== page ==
First, the new JPX-850 forged irons implement the first-ever use of "Boron" in the forging process. Boron, a chemical element with atomic number five, commonly found in Earth's crust and throughout the Solar System, establishes an entirely new standard for distance, forgiveness and feel in a Mizuno forged iron.

"The addition of Boron to our 1025 carbon steel in our patented Grain-Flow Forging process enabled us to stretch the limits of design within the iron to bring to market one of the longest and most forgiving forged irons ever, without sacrificing the Mizuno trademarks of look and feel," said Chuck Couch, Vice President of Product Development, Golf Division, Mizuno USA. "We held true to our history of quality and performance, while leveraging the benefits of Boron in JPX-850 Forged to deliver an iron that will stand above any other forged iron on the market."

RELATED: Visit PGA.com's extensive equipment section

The golf industry has seen Boron used as a decorative element to create an effective "finished" look. With JPX-850 Forged, Mizuno is capitalizing on Boron's superior performance benefits to give the new irons 30 percent greater strength. By infusing Boron, Mizuno was able to design a much thinner face in the JPX-850 Forged then standard metals to provide an industry leading COR and "sweet area" to allow for an aggressive approach to any golf shot.

Featuring an ultra CNC pocket cavity combined with a Power Frame design, JPX-850 Forged provides golfers the Mizuno feel expected in a forged iron with a large sweet area typically found in game-improvement clubs. In addition to the unparalleled feel and distance of the JPX-850 Forged, Mizuno utilized H.I.T (Harmonic Impact Technology) Power Frame, a vibration management technology, and acoustical badge design to deliver the iconic Mizuno sound and feel players crave at ball impact.

The JPX-850's are designed with a Triple Cut Sole and beveled leading edge allowing for greater versatility and ball workability from difficult lies. The irons are outfitted in Satin Nickel Chrome Plating with electro-form badge giving users an aggressive, sleek look Mizuno is known to produce.

4-GW (Right- and Left-Hand Models)
Steel Shaft: XP115
Graphite shaft: NEW Orochi
Grip: Golf Pride M-31 360 58 Round
Other Options available through Mizuno's Custom Department
Suggested Retail Price: $999.99 Steel / $1,099.99 Graphite
Pre-sale/Demo: Aug. 29, 2014
On-sale: Sept. 19, 2014

The JPX-850 Forged line will be available for pre-sale and demo through Mizuno's Performance Fitting System (PFS) cart. The irons will be on shelves at golf and sporting goods retailers on Sept. 19, 2014.

MIZUNO'S MP-15 IRONS

Former World No. 1 Luke Donald -- a long-time Mizuno advocate -- had a strong hand in the development of the company's new "players iron," the MP-15.

Mizuno collaborated with Donald to combine the favorite elements of the company's popular MP-59 and MP-64 lines into one powerhouse iron. The result is a "players" iron that merges the sleek head shape of the MP-64 with the groundbreaking Ti-Muscle technology in the MP-59.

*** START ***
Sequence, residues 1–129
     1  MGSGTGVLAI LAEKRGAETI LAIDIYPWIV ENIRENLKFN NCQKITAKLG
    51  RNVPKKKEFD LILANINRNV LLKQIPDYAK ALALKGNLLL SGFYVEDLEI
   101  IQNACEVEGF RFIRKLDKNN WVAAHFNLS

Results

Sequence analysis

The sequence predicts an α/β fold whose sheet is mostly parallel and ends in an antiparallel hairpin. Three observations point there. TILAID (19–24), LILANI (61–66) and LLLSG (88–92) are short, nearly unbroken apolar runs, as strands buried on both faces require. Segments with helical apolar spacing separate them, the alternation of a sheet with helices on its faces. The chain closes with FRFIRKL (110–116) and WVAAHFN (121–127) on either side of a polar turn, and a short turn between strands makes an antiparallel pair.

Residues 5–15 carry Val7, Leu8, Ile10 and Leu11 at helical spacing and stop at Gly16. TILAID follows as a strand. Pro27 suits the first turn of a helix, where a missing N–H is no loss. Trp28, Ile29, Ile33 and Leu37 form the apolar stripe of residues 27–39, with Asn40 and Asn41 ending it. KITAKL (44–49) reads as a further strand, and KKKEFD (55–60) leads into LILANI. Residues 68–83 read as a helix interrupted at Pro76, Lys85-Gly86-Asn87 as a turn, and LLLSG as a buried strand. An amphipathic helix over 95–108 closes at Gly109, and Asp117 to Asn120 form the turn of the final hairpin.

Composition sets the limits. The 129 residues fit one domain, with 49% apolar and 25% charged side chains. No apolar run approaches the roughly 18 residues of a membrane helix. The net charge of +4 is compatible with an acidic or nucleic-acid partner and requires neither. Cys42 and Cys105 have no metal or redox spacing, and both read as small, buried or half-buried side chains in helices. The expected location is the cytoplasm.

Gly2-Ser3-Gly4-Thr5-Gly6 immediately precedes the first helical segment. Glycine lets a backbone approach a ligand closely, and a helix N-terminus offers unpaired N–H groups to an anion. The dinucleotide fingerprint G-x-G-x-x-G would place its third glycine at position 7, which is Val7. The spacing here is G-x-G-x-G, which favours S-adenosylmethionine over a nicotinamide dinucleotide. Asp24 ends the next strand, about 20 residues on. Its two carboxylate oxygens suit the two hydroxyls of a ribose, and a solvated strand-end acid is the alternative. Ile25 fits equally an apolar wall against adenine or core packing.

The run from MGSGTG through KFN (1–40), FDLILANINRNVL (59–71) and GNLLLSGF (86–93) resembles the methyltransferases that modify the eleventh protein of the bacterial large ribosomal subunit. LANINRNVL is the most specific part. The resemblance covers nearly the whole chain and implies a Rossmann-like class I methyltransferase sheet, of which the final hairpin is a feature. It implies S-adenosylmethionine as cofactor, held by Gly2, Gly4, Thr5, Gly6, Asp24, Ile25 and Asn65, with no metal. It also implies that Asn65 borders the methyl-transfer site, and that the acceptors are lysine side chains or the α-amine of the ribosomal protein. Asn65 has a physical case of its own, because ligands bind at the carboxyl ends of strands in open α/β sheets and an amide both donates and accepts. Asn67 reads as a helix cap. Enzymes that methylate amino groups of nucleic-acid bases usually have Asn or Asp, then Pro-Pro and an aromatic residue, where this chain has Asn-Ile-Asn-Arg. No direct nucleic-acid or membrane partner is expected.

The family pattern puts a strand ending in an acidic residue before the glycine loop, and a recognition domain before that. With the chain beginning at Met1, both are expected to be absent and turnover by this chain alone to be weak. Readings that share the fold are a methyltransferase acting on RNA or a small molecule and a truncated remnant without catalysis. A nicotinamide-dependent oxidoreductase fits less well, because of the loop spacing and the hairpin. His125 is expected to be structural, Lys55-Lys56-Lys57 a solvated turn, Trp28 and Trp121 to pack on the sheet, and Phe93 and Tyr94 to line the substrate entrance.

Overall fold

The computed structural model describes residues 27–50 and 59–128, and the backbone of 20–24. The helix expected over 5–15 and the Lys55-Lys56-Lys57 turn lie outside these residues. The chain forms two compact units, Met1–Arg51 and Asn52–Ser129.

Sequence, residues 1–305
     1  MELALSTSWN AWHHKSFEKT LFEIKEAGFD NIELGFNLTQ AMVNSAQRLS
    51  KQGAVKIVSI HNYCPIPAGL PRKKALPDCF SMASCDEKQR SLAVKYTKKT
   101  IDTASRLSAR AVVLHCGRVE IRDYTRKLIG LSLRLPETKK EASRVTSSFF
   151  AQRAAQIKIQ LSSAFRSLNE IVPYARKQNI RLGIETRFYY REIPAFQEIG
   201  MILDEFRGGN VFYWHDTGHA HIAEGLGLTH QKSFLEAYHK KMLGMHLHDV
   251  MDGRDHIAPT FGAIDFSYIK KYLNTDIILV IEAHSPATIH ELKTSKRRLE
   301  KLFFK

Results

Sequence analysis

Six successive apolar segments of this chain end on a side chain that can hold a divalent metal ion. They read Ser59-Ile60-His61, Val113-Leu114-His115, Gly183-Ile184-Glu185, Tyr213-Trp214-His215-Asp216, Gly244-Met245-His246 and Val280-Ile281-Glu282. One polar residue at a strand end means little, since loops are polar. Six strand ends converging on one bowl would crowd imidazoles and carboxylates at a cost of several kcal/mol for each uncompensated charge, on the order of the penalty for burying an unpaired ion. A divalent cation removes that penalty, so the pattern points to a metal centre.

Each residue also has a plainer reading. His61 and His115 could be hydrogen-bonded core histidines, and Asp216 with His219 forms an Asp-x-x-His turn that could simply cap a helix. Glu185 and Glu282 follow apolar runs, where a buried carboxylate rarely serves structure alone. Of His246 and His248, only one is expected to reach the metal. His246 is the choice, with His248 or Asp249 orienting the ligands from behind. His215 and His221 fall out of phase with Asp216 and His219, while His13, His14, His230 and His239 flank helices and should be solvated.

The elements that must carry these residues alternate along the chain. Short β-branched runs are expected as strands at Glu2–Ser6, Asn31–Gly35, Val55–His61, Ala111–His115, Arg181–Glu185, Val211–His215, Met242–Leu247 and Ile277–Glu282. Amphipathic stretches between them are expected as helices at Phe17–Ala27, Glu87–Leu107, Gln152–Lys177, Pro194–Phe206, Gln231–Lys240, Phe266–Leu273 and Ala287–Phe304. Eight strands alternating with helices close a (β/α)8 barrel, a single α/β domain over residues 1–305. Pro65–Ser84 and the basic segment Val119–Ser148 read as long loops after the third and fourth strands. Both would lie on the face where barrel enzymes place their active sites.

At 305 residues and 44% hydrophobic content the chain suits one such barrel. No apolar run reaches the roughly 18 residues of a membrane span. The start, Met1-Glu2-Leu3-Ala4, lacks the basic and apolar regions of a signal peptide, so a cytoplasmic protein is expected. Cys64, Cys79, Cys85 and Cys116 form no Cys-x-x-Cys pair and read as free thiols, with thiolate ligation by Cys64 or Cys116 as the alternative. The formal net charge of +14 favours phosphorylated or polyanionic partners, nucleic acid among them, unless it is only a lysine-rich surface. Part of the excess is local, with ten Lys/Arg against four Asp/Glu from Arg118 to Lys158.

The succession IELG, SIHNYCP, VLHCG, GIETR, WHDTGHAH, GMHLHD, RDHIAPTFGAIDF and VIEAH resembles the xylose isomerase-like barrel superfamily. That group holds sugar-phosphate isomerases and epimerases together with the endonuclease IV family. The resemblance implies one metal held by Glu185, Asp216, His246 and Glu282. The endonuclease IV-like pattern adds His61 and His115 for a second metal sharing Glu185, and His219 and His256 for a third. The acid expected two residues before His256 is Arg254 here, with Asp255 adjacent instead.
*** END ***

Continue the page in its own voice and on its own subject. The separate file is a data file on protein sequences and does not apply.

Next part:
"To have one of the game's truly elite ball strikers and iron players involved in the development process of our irons to ensure they meet his standard and gain his seal of approval cannot be underestimated," said Chuck Couch, Vice President of Product Development, Golf Division. "Our goal was to deliver a forgiving MP iron while designing a compact 'players' head to accommodate those golfers looking to gain an edge in ball striking, feel and forgiveness. MP-15 will be a game changer in the 'players' iron category."

Donald provided detailed feedback throughout the developmental stages of the MP-15 irons. His insight and knowledge of "feel and sound" at impact allowed Mizuno to precisely dial in the H.I.T (Harmonic Impact Technology), a vibration management technology, to deliver the buttery Mizuno feel players crave at impact.

A more versatile and compact head design infused with Mizuno's new 3D Ti Muscle Technology, expands the sweet area while adding thickness at the point of impact creating a forged iron that has the forgiveness of a much larger players club. The grain-flow forged 1025 Elite gives the iconic soft, solid and consistent feel golfers come to expect from Mizuno irons.

Its tour-proven sole design with a rounded leading edge gives golfers the confidence and versatility to work the ball from difficult lies allowing them to aggressively pin seek. MP-15 comes standard in elegant satin nickel chrome plating in line with its MP predecessors.

Right-Hand Only
Steel Shaft: Dynamic Gold S300
Graphite Shaft: New Orochi
Grip: Golf Pride M-31 360 58 Round
Other Options available through Mizuno's Custom Department
Suggested Retail Price: $999.99 Steel / $1,099.99 Graphite
Pre-sale: Aug. 29, 2014
Available in-store: Sept. 19, 2014

The MP-15 line will be available for pre-sale and demo through Mizuno's Performance Fitting System (PFS) cart. The irons will be on shelves at golf and sporting goods retailers on Sept. 19, 2014.

Learn more about the new JPX-850 Forged and the MP-15 irons at www.mizunogolf.com

August 21, 2014 - 10:42am
Posted by:
T.J. Auclair
tj.auclair's picture
Tony Gil
Youth Summer Olympic Games
The Youth Summer Olympic Games are going on in Nanjing, China, this week. That's where 16-year-old Tony Gil from Canada hit a shot he'll remember for the rest of his life.

The Youth Olympic Games are underway in China right now and during the first round of the Youth Olympic Men's Individual Stroke Play Competition at Zhongshan International Golf Club on Tuesday, there was a very special moment.

Tony Gil, a 16-year-old from Canada, aced the 164-yard, par-3 third hole.

It was the first hole-in-one made in an Olympic competition and also the first of Gil's career.

You can see video of Gil's ace here:

Pretty nice to have it captured on video, eh?

"It was a bit humid today so I used a 7-iron," Gil said after his opening round of 3-under 69. "I knew I'd hit it close but didn't know it was in until I went to the green and saw the ball in the hole."

It was only after the round that Gil realised he had made a little bit of history with the first hole-in-one in an Olympic competition.

"Oh really? That's very cool. It was actually the first hole-in-one in my career too!" he said.

The competition ended on Thursday. Gil finished in 22nd place.

Click here for the final results